- Clean the metal surface: Ensure the metal parts are clean and free of dirt, oil, or moisture before applying.
- Select the appropriate method: Choose the volatile corrosion inhibitor packaging method that suits the application, such as volatile corrosion inhibitor paper, foam, packaging film, emitters, powders, tablets, or liquids.
- Apply the packaging: Following the manufacturer’s instructions, apply the packaging method. For instance, paper is commonly used to wrap individual components, while foam can protect entire assemblies.
- Seal the packaging: Ensure that the packaging is sealed tightly to prevent air and moisture from coming in contact with the metal surface.
- Store the metal parts: Store the metal parts in a dry and cool place, away from direct sunlight, to maximise the effectiveness of the packaging.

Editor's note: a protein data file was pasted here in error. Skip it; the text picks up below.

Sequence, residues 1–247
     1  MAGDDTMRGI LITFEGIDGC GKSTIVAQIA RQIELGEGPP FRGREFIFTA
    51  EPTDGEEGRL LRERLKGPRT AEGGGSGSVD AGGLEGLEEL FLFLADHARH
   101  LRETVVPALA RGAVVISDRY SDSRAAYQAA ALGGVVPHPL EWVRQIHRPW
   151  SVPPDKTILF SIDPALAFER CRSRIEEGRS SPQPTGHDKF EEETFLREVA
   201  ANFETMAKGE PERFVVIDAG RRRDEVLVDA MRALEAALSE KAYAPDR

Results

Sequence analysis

Following these steps, effectively use volatile corrosion inhibitors to prevent corrosion in metal parts during storage and shipping.
Volatile corrosion inhibitors are a highly effective packaging method for preventing corrosion, offering a long-lasting solution against rust. Its benefits are particularly useful for manufacturers who need to ship metal components and prevent rust and other forms of corrosion.
Anti-rust protection can help businesses maintain their reputation and prevent lost sales due to damaged products. It is truly an incredible advancement in technology, providing a cost-effective and efficient solution for corrosion prevention. Find out more about the FAQ of VCI, and here is a video about Volatile Corrosion Inhibitors (VCI).